I attributed this spike in new business activity to summer vacations – not mine but the client’s. I imagined the client realizing somewhere in July that the agency search she’d planned to do that year hadn’t started yet. But if she could rally and send that RFP before her vacation started, the agencies that received it would have a couple of weeks to respond while she enjoyed the beaches of Nantucket.
Maybe you spent your summer pitching a lot of business and not resting too much – and I hope that most of those pitches ended successful—but as we move into Q4, you should be focused on two priorities. Read more.
Despite extolling the virtues of brand positioning to clients, many agencies fail to properly develop their own brands.
It’s a classic story of the shoemaker’s children who wear no shoes—a tired proverb, to be sure, but perennially appropriate.
But, we never hear how those children turned out. Did they grow up plagued by chronic foot problems? Did they become adults whom you could dress up but never take out?
Or, is it possible they turned out OK?
I’ve met too many agency CEOs, especially of small to mid-sized agencies, who find specialization such a hurdle (mentally, emotionally and operationally) that they end up not doing anything at all.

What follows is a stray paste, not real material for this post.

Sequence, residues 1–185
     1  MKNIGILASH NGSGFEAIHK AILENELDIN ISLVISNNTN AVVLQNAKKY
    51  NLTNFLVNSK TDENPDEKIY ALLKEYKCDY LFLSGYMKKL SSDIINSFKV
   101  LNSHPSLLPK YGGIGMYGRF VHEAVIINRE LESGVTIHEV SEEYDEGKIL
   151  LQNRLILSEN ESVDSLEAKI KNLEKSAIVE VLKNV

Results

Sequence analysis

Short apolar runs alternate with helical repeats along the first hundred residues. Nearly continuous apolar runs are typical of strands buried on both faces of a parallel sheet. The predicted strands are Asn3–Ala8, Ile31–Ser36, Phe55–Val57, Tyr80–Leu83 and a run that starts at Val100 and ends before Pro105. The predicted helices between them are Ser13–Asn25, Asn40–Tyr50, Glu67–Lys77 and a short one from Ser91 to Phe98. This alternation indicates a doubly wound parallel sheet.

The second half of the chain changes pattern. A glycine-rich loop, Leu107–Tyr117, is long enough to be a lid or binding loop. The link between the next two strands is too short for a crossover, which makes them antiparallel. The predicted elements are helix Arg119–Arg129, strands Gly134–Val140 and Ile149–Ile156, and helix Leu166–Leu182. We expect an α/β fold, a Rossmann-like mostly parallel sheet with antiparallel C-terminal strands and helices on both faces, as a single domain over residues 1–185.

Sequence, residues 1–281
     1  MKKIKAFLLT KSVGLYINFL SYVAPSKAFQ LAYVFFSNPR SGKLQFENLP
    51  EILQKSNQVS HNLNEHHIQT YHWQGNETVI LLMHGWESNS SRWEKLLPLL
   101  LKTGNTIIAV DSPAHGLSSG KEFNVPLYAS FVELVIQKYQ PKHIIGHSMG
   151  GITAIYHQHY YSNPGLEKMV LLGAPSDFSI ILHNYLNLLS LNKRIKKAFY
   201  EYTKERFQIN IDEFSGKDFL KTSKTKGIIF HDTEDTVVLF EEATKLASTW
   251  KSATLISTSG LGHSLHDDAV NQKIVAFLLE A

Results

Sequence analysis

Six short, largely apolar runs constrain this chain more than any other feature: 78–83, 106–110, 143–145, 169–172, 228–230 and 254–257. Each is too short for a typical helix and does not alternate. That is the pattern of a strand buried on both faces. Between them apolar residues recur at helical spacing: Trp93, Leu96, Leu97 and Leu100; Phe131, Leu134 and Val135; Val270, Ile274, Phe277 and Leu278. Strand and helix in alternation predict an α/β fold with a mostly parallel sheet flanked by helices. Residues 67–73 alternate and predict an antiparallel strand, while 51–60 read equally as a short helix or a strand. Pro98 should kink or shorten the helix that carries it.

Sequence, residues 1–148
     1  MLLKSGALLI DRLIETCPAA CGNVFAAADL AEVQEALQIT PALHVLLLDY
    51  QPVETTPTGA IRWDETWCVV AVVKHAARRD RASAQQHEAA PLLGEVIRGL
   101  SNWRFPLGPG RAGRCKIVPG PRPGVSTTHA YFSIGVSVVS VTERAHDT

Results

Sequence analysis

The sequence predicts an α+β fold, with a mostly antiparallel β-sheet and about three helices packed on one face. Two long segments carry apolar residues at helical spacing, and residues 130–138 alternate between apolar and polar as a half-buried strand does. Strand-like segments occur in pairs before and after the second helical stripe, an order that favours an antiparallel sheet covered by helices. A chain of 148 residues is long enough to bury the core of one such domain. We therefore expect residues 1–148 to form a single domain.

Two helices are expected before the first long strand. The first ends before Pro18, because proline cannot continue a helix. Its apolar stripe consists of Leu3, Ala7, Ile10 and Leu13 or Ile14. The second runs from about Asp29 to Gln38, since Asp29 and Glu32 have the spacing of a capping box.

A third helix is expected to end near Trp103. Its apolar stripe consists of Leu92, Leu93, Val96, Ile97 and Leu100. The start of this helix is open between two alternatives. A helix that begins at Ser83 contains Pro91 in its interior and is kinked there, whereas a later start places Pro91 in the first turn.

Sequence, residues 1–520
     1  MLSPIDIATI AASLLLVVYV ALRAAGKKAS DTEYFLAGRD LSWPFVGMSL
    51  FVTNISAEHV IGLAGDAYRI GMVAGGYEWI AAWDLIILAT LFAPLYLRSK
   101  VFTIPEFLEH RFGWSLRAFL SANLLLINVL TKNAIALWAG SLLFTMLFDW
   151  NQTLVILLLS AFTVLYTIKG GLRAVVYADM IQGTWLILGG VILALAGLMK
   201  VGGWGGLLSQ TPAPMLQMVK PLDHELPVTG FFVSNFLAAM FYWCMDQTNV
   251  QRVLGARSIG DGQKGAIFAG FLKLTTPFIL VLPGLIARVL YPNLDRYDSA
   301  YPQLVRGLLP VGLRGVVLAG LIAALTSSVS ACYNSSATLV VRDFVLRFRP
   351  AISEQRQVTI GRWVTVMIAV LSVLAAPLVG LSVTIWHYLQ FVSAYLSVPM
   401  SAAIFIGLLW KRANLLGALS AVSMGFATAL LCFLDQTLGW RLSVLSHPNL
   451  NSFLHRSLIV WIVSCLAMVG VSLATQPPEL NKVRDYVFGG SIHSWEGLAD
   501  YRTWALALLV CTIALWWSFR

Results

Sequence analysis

Rather than let those agencies languish, I’ve started developing alternative methods to at least help them raise their profiles and pursue clients in a consistent, sustainable way.
In this month’s post, I share some of those methods, and offer a way to determine if being a generalist is worth the investment for your agency.
I’m often surprised by how many ad agency executives ignore their own network of contacts. Somehow, between servicing current clients and chasing after new prospects, these valuable contacts get taken for granted.
Your network is one of the best sources of new business you have, but it needs care and feeding. One way to do this is through a re-engagement campaign.